State Supreme Court Issues Design Defect Ruling On Intrinsic Characteristics

The Wisconsin Supreme Court has affirmed a lower court's dismissal of strict liability and negligence claims against white lead carbonate pigment manufacturers, ruling that a product's characteristic ingredient cannot  constitute a design defect. See Ruben Baez Godoy v. E.I. du Pont Nemours and Co. et al., No. 2006AP2670 (Wisc. S.Ct.).

The court affirmed a circuit court's ruling that the complaint had failed to allege a design feature that rendered defective the design of white carbonate lead pigment, which can be found in white paint.
Plaintiff alleged lead poisoning from white lead carbonate pigment in the paint in his Milwaukee apartment, and sued DuPont, Armstrong Containers, Sherwin-Williams and American Cyanamid.
He asserted that despite alleged knowledge that lead is hazardous to human health, the manufacturers promoted the use of the pigment and marketed it as safe.

The lower court dismissed the design defect claims, finding  that lead is an inherent  characteristic of white lead carbonate, and thus the product cannot be designed without lead. The court of
appeals found that a product cannot be said to be defectively designed when that design is inherent in the nature of the product so that an alternative design would make the product something else.  This is the long-standing, but often misunderstood notion, that an alternative product is not an alternative design.  In those states in which a plaintiff must prove the existence of a feasible alternative design that would have avoided the injury, or in which the defendant may show the absence of any feasible alternative design, it is not enough for a plaintiff to point to a different product that might serve the same use.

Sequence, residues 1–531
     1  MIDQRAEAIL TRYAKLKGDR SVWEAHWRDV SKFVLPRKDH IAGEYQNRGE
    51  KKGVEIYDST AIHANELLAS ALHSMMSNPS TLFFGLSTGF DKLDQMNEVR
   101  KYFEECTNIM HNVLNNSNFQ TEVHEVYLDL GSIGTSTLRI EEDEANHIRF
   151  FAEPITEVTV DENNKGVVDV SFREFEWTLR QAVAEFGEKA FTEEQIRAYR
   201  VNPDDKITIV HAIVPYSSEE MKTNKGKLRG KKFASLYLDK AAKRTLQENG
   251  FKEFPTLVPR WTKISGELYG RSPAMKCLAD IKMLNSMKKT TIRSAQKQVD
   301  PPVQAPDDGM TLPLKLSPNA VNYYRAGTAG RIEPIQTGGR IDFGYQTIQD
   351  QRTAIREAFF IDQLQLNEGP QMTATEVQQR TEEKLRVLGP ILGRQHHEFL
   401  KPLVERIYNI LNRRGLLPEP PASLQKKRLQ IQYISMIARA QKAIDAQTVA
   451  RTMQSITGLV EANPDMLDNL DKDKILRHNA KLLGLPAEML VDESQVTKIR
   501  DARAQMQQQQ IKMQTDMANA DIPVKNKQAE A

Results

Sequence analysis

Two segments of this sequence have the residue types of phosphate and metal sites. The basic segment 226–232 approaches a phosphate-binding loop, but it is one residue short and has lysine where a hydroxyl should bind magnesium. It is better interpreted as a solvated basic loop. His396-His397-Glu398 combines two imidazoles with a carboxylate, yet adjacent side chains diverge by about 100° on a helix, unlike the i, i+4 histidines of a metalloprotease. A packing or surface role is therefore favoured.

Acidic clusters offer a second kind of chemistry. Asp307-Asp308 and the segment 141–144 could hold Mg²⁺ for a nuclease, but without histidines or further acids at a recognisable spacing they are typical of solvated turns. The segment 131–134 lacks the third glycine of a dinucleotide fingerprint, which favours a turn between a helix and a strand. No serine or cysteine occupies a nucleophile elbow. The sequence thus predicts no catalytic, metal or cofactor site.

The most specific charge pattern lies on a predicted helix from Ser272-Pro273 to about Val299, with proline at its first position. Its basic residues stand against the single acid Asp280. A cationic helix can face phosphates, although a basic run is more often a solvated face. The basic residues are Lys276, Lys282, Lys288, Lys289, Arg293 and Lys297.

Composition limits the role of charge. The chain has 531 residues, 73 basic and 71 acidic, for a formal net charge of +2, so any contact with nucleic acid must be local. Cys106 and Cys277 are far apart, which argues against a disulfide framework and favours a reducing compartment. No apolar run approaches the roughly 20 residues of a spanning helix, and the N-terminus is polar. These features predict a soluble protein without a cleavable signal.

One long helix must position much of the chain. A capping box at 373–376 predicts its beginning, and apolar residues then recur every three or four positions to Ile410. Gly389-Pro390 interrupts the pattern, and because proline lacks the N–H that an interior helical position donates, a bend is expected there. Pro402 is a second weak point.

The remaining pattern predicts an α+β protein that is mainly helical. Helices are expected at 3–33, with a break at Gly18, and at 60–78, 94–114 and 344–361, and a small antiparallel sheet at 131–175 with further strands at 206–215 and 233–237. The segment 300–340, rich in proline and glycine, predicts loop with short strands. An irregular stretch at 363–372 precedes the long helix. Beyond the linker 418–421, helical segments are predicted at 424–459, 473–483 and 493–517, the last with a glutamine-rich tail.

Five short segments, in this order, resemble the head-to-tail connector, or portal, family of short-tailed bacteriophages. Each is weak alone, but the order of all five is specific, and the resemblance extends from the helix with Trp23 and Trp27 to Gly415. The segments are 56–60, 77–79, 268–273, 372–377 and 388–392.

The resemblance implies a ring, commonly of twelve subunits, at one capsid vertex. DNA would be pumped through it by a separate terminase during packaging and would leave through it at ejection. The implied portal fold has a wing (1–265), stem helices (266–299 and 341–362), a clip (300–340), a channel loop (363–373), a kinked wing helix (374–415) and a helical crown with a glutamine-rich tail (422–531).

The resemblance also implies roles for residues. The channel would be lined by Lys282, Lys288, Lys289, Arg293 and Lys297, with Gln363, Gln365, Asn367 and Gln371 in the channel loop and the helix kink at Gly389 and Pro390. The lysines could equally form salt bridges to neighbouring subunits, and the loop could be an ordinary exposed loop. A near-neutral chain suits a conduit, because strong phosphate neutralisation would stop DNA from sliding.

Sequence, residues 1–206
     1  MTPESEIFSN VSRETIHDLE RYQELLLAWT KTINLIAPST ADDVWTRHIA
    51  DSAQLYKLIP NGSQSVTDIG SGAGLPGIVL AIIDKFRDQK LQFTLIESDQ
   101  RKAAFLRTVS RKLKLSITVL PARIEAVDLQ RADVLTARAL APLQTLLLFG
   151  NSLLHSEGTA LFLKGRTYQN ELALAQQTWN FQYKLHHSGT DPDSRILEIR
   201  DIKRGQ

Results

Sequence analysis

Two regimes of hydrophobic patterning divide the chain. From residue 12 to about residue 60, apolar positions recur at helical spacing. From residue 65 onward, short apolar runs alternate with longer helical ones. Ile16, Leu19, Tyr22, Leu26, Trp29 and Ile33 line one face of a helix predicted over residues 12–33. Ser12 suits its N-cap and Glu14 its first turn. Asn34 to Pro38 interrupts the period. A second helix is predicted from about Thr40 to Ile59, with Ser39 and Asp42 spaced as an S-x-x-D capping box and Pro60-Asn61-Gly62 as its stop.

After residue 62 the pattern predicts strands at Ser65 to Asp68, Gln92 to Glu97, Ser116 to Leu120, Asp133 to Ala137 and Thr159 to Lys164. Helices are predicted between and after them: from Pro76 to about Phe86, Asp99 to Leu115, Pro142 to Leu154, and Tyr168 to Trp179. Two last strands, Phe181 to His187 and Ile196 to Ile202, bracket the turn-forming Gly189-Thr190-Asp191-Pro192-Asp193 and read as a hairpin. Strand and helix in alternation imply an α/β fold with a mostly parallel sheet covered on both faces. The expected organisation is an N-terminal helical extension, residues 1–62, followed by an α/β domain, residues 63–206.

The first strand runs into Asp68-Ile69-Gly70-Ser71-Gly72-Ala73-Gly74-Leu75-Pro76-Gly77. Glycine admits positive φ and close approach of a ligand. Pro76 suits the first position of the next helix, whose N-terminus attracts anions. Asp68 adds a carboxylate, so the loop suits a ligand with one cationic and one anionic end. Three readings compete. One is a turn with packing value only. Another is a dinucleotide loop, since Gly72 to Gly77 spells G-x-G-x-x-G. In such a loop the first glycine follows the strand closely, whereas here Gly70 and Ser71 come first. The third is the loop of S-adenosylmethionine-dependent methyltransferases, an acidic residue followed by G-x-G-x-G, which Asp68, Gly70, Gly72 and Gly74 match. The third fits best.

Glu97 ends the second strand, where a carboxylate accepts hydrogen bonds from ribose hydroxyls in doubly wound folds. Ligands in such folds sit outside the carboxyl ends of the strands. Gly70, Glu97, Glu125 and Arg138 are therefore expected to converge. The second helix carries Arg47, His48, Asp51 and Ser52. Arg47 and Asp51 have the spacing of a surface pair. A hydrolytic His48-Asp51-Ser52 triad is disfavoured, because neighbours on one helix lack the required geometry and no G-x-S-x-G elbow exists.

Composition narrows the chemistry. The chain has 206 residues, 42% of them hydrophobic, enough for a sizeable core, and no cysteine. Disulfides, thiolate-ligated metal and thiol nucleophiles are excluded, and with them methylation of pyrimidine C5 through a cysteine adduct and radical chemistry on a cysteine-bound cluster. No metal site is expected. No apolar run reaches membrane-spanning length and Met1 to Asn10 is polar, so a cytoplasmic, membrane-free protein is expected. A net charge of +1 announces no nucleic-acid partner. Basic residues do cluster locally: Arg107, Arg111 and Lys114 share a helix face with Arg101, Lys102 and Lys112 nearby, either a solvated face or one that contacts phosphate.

The state Supreme Court affirmed, noting that a claim for defective design cannot be maintained where the presence of lead is the alleged defect in design, and its very presence is a characteristic of the product itself.  Without lead, there can be no white lead carbonate pigment.  The court offered an analogy:  Foil for your kitchen use can be made using ingredients other than aluminum (gold, for example), but aluminum foil cannot be made without aluminum. The presence of aluminum is characteristic of aluminum foil. If the mere presence of aluminum posed a danger, a manufacturer might be liable based on the failure to adequately warn or other claims. However, the manufacturer
would not be liable based on the "design" of aluminum foil for including aluminum.

Interestingly, the court reaffirmed that Wisconsin strict products liability law does not require a
plaintiff to prove the feasibility of an alternative design.  However, the feasibility of an alternative design can be considered when evaluating a design defect claim. While plaintiff argued that it is inconsistent to reject a reasonable alternative design requirement and still maintain that characteristic ingredients of the product cannot support a claim for defective design, the court clarified that it was not requiring that a plaintiff affirmatively prove, through expert testimony, that an alternative design was commercially viable. The court was simply acknowledging that some ingredients cannot be eliminated from a design without eliminating the product itself. When the ingredient cannot be designed out of the product, the Restatement (Second) instructs that although other claims may be theoretically asserted, the proper claim is not design defect.  

That rationale would seem to apply to design defect claims in drug cases, where the characteristics of a chemical constituting an FDA-approved drug are challenged. The "design" of a typical drug cannot be changed without creating a different molecular structure, and hence  a different product, one which would require a second FDA approval.

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